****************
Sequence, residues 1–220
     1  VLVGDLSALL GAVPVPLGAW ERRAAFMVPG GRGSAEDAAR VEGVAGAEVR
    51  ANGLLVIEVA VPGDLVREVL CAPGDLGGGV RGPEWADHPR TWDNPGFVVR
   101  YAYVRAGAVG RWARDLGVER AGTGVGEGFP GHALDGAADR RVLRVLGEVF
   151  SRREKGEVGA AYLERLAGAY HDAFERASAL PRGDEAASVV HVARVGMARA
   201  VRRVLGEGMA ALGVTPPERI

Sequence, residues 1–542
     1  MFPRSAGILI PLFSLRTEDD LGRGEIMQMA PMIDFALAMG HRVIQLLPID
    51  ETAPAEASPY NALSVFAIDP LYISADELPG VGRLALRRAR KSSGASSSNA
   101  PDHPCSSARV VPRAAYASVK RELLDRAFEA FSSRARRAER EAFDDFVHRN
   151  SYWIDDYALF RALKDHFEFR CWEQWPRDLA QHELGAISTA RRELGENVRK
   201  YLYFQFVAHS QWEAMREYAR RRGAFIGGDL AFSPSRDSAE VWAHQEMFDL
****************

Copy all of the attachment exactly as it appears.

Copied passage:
Sequence, residues 1–220
     1  VLVGDLSALL GAVPVPLGAW ERRAAFMVPG GRGSAEDAAR VEGVAGAEVR
    51  ANGLLVIEVA VPGDLVREVL CAPGDLGGGV RGPEWADHPR TWDNPGFVVR
   101  YAYVRAGAVG RWARDLGVER AGTGVGEGFP GHALDGAADR RVLRVLGEVF
   151  SRREKGEVGA AYLERLAGAY HDAFERASAL PRGDEAASVV HVARVGMARA
   201  VRRVLGEGMA ALGVTPPERI

Sequence, residues 1–542
     1  MFPRSAGILI PLFSLRTEDD LGRGEIMQMA PMIDFALAMG HRVIQLLPID
    51  ETAPAEASPY NALSVFAIDP LYISADELPG VGRLALRRAR KSSGASSSNA
   101  PDHPCSSARV VPRAAYASVK RELLDRAFEA FSSRARRAER EAFDDFVHRN
   151  SYWIDDYALF RALKDHFEFR CWEQWPRDLA QHELGAISTA RRELGENVRK
   201  YLYFQFVAHS QWEAMREYAR RRGAFIGGDL AFSPSRDSAE VWAHQEMFDL